Commercially Available Video Games in Prosthetic Rehabilitation

Home > Articles > Commercially Available Video Games in Prosthetic Rehabilitation
By Amanda Coldren, MPO, and John T. Brinkmann, MA, CPO/L, FAAOP(D)


Virtual reality, custom video games, and commercially available video games (CAVGs) are gaining popularity as  rehabilitation tools. Gaming systems, including the Nintendo Wii, Sony EyeToy, and Xbox Kinect, and games like Dance Dance Revolution have been shown to encourage physical activity while improving rehabilitation outcomes in people with musculoskeletal or movement disorders.1,2

Diverse patient populations have shown improvements in rehabilitation outcomes after using CAVGs as an aid or alternative to traditional rehabilitation therapy.5-8 In a 2013 study by Jorgensen et al., older adults saw improvements in muscle strength (hip and knee extensors) after completing ten weeks of training using the Wii Balance Board twice per week.1 Improvements in static balance were seen in patients with acquired brain injuries after 20 one-hour therapy sessions that incorporated a Wii Balance Board. The authors reported that this type of treatment is safe and as effective as traditional therapy for patients with acquired brain injuries.4 A study of patients with Parkinson's disease also incorporated the Wii Balance Board and found improvements in dynamic and static balance and in temporal-spatial parameters of gait.5 A recent study of children with cerebral palsy showed improvement in balance when therapy incorporating the Wii Balance Board was combined with traditional therapy.6 Video game therapy has been studied most among people post-stroke. Two comprehensive systematic reviews conducted in 2014 and 2016 demonstrated that, while further research is needed for the post-stroke population, video game–based therapy could provide a benefit in their rehabilitation.7-8 Other populations that have experienced benefits from incorporating video game systems into rehabilitation therapy include people with Down syndrome, spinal cord injury, multiple sclerosis, cancer, and lupus.1 Overall, improvements in static balance, dynamic balance, gait, and muscle strength have been demonstrated as a result of using CAVGs in therapy interventions.1-6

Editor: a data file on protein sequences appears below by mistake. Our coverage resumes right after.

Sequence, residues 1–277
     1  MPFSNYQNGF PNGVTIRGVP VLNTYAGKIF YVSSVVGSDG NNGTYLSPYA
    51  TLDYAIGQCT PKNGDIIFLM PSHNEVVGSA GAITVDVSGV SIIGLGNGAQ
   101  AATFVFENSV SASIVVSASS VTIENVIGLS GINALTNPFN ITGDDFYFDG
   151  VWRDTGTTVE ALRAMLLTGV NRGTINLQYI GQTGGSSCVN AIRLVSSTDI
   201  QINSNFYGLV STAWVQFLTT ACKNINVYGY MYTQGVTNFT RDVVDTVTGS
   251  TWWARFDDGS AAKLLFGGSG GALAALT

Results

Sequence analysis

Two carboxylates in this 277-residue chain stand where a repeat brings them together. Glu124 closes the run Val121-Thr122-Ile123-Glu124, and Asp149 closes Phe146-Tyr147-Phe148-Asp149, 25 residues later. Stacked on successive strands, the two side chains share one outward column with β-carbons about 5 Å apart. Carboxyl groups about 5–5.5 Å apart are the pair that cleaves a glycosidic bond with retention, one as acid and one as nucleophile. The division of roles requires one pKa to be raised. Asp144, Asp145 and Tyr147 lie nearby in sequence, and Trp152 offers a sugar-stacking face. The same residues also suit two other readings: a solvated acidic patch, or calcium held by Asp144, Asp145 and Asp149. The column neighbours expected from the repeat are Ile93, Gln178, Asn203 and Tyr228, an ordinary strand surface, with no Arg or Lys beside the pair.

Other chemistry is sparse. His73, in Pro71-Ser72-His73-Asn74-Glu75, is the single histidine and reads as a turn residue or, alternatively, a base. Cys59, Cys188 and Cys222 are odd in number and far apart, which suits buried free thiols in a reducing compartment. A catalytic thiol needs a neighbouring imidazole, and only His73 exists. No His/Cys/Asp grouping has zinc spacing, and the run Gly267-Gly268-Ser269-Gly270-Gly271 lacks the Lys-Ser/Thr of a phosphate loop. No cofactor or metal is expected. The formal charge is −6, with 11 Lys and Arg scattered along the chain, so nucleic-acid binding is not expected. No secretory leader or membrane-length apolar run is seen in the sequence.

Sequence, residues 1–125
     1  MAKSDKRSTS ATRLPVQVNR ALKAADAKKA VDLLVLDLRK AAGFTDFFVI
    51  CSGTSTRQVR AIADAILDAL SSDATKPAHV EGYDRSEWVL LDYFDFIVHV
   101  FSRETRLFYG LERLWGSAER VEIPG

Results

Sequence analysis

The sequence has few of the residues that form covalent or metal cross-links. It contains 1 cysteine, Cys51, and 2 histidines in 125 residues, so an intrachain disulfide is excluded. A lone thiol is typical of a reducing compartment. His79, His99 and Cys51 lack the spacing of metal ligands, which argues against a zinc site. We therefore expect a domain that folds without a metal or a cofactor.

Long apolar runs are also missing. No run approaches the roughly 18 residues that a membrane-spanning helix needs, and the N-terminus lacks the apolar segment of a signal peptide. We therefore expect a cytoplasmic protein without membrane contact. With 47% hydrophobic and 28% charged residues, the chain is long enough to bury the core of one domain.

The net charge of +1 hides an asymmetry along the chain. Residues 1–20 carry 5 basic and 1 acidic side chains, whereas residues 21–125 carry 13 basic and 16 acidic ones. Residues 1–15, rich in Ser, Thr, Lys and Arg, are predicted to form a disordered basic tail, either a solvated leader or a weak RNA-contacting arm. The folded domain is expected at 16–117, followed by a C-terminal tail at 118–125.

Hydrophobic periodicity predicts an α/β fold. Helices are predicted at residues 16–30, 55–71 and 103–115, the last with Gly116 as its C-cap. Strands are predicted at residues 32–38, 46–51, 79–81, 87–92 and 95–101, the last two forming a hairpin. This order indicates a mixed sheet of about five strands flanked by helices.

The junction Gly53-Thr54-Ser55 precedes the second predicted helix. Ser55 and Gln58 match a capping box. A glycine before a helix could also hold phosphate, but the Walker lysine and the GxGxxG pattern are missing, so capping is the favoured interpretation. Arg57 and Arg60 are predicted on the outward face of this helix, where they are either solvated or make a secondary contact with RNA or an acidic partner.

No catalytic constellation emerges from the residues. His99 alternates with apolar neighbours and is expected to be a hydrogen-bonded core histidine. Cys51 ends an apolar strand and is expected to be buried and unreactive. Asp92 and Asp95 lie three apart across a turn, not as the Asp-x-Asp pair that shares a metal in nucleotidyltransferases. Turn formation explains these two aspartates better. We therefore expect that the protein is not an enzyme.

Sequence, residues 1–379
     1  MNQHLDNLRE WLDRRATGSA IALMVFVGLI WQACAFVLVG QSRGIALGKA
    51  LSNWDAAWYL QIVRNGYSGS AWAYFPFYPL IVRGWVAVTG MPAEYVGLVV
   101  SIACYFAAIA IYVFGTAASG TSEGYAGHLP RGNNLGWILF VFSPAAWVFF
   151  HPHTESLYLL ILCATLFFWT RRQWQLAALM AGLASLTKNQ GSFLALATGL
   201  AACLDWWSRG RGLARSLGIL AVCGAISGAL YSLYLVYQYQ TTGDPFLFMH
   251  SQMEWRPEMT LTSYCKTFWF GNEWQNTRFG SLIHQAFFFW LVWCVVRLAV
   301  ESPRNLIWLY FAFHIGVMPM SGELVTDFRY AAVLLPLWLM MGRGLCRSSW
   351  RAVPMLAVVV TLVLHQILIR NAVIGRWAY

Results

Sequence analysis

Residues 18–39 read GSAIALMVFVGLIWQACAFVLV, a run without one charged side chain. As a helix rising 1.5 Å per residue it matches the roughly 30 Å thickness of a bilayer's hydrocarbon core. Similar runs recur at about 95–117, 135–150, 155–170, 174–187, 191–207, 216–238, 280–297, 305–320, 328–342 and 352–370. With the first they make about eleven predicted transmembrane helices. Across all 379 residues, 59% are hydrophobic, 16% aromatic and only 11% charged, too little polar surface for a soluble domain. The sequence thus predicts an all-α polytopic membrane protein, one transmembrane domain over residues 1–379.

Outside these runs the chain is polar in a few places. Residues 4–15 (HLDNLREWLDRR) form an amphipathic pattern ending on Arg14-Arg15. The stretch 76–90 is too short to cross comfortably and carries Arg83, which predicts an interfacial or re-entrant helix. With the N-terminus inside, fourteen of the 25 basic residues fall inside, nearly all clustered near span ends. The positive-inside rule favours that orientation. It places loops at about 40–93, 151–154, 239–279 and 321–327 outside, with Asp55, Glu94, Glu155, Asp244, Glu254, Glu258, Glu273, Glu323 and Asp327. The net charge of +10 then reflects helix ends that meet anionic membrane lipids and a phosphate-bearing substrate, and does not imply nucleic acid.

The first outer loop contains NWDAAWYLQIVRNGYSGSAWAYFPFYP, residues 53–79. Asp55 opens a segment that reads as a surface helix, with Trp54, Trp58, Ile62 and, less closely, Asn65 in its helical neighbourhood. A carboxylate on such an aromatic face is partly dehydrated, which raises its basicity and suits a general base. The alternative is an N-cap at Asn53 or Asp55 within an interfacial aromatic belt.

Patients of all ages reported enjoying using a video game system as part of the rehabilitations process.1,12-14 Importantly, a recent literature review regarding CAVG therapy in rehabilitation by Taylor et al. reported no safety concerns related to falls or injuries during video game play.2 In general, injuries related to video game play reported in the literature are due to excessive gameplay (over ten hours of gaming), supporting a conclusion that CAVGs can provide an enjoyable and safe environment for patients to work toward their rehabilitation goals.2